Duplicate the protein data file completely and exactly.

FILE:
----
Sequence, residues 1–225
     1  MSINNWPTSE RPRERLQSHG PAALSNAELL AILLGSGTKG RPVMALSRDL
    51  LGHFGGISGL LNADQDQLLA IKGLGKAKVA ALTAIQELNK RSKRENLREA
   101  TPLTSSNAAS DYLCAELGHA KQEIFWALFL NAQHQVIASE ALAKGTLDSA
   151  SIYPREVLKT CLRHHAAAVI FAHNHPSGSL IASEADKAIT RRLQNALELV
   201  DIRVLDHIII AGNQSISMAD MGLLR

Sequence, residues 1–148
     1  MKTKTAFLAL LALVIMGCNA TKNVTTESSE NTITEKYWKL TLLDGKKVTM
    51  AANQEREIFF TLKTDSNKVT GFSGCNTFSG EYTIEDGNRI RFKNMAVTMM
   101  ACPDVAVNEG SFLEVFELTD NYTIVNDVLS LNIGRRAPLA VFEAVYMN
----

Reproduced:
Sequence, residues 1–225
     1  MSINNWPTSE RPRERLQSHG PAALSNAELL AILLGSGTKG RPVMALSRDL
    51  LGHFGGISGL LNADQDQLLA IKGLGKAKVA ALTAIQELNK RSKRENLREA
   101  TPLTSSNAAS DYLCAELGHA KQEIFWALFL NAQHQVIASE ALAKGTLDSA
   151  SIYPREVLKT CLRHHAAAVI FAHNHPSGSL IASEADKAIT RRLQNALELV
   201  DIRVLDHIII AGNQSISMAD MGLLR

Sequence, residues 1–148
     1  MKTKTAFLAL LALVIMGCNA TKNVTTESSE NTITEKYWKL TLLDGKKVTM
    51  AANQEREIFF TLKTDSNKVT GFSGCNTFSG EYTIEDGNRI RFKNMAVTMM
   101  ACPDVAVNEG SFLEVFELTD NYTIVNDVLS LNIGRRAPLA VFEAVYMN